Communication is a fundamental mechanism for the constitution of the social world. This chapter argues that social communication involves a two-way transmission of information typically using language, in which the sender and receiver of a message collaboratively work together. In this perspective, language is a semiotic tool, a tool with which to create and exchange meaning; it is language use that is central to this process. Based on this fundamental understanding, the chapter describes the grounding model of communication and its social cognitive implications. In this perspective, communication is characterized as a dynamic interplay between common ground—information actually and perceived to be already shared among the communicators—and grounding—the communicators’ coordinated activity for establishing a mutual understanding about new information. When new information is grounded, common ground evolves. The evolution of common ground through communication is traced, and concomitant social cognitive consequences are discussed, not only for the senders and receivers of information, but also for the community of multiple communicators and their culture. The chapter concludes with a reaffirmation of the importance of communication as a fundamental mechanism for social cognition.
Russell Spears, Martin Lea, and Tom Postmes
This article argues that social identities not only populate computer-mediated communication (CMC) and the Internet, but they often thrive there, both by designation (of identity: the cognitive dimension) and by design (the strategic dimension in which identities and their agendas are contested). This means that far from being eliminated in CMC, the group and its effects often shine through in CMC (intragroup cohesiveness and conformity, intergroup contrast, and competition). In terms of status and power differentials this can mean that the power and status relations associated with categories are reinforced, both cognitively, by being tied to the roles and relations associated with these identities, and strategically, by the surveillance which CMC can sometimes bring.
Frank R. Kardes and Robert S. Wyer Jr.
Many of the principles that underlie consumer judgment and decision making are similar to those that have been identified in research on social information processing. However, unique considerations arise in applying them. Eight general principles that cut across both domains are identified, pertaining to cognitive efficiency, knowledge accessibility, persistence, awareness, the role of implicit theories, communication norms, subjective reactions, and information integration. Consumer behavior in a variety of domains is then discussed within the framework of these principles, emphasizing comprehension, categorization, the cognitive and motivational influence of subjective reactions, inference processes, and consumer decision processes.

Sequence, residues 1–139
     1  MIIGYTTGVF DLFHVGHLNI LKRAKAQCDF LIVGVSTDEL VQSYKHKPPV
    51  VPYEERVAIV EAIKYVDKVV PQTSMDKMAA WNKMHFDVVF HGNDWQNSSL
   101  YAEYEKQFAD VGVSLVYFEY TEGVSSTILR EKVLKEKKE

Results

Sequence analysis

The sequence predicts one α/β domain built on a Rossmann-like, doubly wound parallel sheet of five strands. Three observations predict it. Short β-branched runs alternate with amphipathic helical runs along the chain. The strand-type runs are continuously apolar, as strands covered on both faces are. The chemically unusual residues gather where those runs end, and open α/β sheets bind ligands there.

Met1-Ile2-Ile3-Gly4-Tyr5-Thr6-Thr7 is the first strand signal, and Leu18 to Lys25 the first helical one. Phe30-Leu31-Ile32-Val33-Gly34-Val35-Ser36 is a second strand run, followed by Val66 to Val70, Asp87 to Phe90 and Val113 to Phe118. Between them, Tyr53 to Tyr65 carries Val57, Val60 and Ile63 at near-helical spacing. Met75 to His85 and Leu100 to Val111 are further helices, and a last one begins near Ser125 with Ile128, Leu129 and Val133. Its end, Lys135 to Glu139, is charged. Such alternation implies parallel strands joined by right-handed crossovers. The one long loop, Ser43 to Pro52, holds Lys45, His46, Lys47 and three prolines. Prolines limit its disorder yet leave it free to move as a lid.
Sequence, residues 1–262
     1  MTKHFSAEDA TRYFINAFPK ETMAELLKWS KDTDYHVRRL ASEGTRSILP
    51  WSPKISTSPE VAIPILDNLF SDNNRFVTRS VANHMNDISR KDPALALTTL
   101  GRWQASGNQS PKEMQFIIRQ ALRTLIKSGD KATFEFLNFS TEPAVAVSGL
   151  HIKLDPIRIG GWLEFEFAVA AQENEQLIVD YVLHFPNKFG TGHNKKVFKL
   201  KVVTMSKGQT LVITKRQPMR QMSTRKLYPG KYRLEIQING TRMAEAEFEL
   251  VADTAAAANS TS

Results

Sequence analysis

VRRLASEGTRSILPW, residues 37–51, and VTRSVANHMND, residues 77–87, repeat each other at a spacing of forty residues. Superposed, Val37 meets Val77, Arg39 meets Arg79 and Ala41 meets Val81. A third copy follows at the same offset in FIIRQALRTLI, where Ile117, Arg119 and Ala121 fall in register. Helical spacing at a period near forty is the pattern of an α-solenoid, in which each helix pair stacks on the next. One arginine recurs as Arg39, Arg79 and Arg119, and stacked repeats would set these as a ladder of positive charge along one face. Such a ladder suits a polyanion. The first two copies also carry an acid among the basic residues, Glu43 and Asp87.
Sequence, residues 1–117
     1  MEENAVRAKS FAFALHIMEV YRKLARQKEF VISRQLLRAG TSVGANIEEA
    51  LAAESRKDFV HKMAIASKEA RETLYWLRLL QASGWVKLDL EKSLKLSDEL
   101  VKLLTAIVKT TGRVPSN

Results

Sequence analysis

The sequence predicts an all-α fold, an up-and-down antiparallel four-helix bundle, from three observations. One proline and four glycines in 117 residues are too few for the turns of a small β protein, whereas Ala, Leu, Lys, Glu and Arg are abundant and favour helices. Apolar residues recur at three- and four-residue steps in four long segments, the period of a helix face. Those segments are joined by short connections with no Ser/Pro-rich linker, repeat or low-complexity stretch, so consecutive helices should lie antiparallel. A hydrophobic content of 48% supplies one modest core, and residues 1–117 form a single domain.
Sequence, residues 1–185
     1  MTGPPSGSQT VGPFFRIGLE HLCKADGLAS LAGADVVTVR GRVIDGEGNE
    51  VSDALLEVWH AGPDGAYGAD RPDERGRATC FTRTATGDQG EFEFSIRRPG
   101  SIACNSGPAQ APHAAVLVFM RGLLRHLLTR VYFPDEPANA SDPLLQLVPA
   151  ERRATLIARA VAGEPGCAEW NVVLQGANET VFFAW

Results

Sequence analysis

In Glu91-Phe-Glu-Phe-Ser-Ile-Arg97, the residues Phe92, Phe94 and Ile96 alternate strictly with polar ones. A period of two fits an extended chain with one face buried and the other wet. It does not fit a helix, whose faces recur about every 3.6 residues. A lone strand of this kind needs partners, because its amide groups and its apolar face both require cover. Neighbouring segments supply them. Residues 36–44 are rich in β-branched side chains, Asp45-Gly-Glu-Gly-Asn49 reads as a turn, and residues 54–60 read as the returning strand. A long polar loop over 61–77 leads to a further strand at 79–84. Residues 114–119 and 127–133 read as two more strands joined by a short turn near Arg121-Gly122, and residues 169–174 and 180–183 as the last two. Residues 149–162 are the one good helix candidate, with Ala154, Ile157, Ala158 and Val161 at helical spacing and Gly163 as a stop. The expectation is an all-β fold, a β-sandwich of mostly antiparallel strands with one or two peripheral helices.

Jolene D. Smyth, Don A. Dillman, and Leah Melani Christian
This article first presents a definition of context effects that eliminates from consideration factors beyond the control of survey researchers yet is sufficiently broad to incorporate diverse but related sources of survey context. It then examines four types of context effects that have been documented in mail and telephone surveys with an eye towards identifying new concerns which have arisen or may arise as a result of conducting Internet surveys. The four sources of context effects discussed are: the survey mode used to pose questions to respondents, the order in which questions are asked, the ordering of response options, and the choice of response scale. In addition to reviewing previous research, the results of new context experiments are reported in which response scales across Internet and telephone modes are manipulated.
Michelle A. Skinner, Cynthia A. Berg, and Bert N. Uchino